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How do you announce firings to your staff?

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John Wilcox

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in Human Resources,People Management,The HR Specialist Forum

We may have to terminate an employee who has been with us for more than 10 years and has worked with people throughout the organization. When he goes, people are going to notice. Due to the nature of the situation, I don't want to issue a detailed explanation to the rest of the staff. Can I just go with "_ _ _ _ is no longer with the company," or will that just whip the rumor mill into overdrive? Are there any realistic alternatives?—Noreen, S.F.

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{ 5 comments… read them below or add one }

Peg June 8, 2010 at 4:03 pm

Your idea is a good one. Keep it simple and let your tone of voice show only respect for the person who is leaving. I have had comments such as “but he is always here, on time, and stays late and just seems to work so hard. This is such a shock!” My response has been that is a sign that we in management are doing our jobs properly if we are protecting the individual’s privacy and personal situation through our confidential HR procedures. You would want the same.” Then I close the book except to express some sorrow that the person has moved on.


Sarah July 28, 2009 at 4:10 pm

We send a generic email out to our staff entitled “Employee Update” and the only thing we list is the employee name, job title, department and last day. The heading we use is either “No Longer with (Company Name) or New Opportunities. We send this email out for any staffing changes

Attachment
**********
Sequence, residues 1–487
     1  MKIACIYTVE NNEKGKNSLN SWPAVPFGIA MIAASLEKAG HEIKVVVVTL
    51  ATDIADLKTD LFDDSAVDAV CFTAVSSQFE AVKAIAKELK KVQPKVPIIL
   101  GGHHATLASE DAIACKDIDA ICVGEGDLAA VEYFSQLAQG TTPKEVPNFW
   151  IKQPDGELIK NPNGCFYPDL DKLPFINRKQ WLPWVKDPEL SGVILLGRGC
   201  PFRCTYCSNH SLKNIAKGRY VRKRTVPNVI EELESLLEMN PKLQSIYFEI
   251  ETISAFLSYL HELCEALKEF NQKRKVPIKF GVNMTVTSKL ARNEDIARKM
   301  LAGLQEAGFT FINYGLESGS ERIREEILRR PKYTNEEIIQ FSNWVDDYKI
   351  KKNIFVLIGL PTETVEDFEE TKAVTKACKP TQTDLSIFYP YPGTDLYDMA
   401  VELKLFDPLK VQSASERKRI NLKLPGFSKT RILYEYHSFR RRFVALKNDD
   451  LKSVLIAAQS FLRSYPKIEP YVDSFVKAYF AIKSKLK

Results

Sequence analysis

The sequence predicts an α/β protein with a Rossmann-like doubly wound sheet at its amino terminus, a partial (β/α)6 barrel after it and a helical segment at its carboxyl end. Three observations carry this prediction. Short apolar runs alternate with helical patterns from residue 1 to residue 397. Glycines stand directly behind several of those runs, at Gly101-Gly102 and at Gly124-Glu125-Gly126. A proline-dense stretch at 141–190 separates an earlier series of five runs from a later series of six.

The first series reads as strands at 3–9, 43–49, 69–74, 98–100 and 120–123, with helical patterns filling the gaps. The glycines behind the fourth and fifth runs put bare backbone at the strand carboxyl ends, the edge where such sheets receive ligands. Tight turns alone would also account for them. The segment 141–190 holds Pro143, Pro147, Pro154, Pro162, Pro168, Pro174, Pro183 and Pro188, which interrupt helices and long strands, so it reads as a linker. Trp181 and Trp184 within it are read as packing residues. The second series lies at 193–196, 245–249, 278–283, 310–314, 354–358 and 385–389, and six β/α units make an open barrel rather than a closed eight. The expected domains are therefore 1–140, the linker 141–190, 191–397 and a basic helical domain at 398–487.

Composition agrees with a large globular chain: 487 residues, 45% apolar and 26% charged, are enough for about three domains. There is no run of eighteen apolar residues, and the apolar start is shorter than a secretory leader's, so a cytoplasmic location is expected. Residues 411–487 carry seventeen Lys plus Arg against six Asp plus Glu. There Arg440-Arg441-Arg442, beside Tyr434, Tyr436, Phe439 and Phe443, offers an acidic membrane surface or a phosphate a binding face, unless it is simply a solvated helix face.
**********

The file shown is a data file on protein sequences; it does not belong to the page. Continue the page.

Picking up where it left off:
Lash LaRue July 22, 2009 at 3:45 pm

I agree that’s it’s best just to say that the person will no longer be with the company. you would also be wise to tell your internal and external customers who will filling in until a permanent hire is made.


Deb July 22, 2009 at 10:22 am

I just state that so-and-so is no longer with the company. We wish her/him well. By the making the latter statement it shows professionalism no matter what the circumstances of their departure. I announce whether the position will be filled or not. Then it is important to re-allocate that person’s tasks to the appropriate parties until a replacement is hired, if so.


Carol July 21, 2009 at 4:45 pm

Noreen–Even though it seems inadequate, “…doesn’t work here any more” is probably the best thing to say. If you elaborate about why someone was fired, or even that the person was fired, you’re setting yourself up for a defamation suit. Regardless of what is said, people are going to speculate. Since that is the case, you may as well be as vague as you can.


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